It’s nearly impossible to wrap your mind around the player movement that took place over just a few days in March. Thankfully, fantasy football gives us an angle to break this cacophony of change into micro movement on our dynasty rankings board. When we isolate the net effect of the plate tectonic movement around the league on one player, we can make some sense out of it, or at least what we expect to come of it. Let’s start with quarterbacks…
Russell Wilson, Seattle - There’s no subtlety here. Wilson gains one of the best weapons in the middle of the field and red zone in the NFL. Wilson added lethal running ability last year to basically cement top five status for 2015 going into this offseason, with Jimmy Graham in the mix, it’s fair to ask if he can rival Aaron Rodgers and Andrew Luck for “elite” fantasy QB status. If the Seahawks start to open up the passing game as the Steelers did for Ben Roethlisberger as his career progressed, that might answer the question for us.
Teddy Bridgewater, Minnesota - Bridgewater lost Greg Jennings, but added Mike Wallace, who at the very least should loosen up defenses. At this moment it appears that Adrian Peterson will remain a Viking in 2015, which should also make Bridgewater’s job easier, even if it does tilt the run/pass split away more towards run. The buzz around Bridgewater has also only been positive this offseason.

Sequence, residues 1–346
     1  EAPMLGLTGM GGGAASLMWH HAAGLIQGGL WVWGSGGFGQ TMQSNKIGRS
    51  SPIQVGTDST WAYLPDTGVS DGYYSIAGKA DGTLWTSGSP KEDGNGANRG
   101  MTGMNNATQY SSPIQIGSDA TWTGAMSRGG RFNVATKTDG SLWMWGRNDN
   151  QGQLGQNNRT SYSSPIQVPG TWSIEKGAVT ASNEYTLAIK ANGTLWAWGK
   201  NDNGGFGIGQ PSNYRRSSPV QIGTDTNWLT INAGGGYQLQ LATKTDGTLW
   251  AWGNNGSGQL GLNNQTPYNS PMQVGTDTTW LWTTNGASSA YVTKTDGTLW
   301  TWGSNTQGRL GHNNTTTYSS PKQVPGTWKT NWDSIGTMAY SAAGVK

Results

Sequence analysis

Eli Manning, New York Giants - Even with Victor Cruz’s status for Week 1 (and really 2015 as a whole) in doubt, Manning gained Shane Vereen in free agency, which would seem to signal Manning being more central in the weekly game plan. The emergence of Odell Beckham put Manning in the low QB1 conversation, the addition of Vereen only increases the volume of that talk.
Colin Kaepernick, San Francisco - Torrey Smith and Reggie Bush give the passing game in San Francisco a boost, and indications that Kaepernick will run more often should only help his fantasy bottom line. From a long-term perspective, Kaepernick might just be a QB who treads water for his whole career, but for the short-term he is looking like a better weekly play in 2015.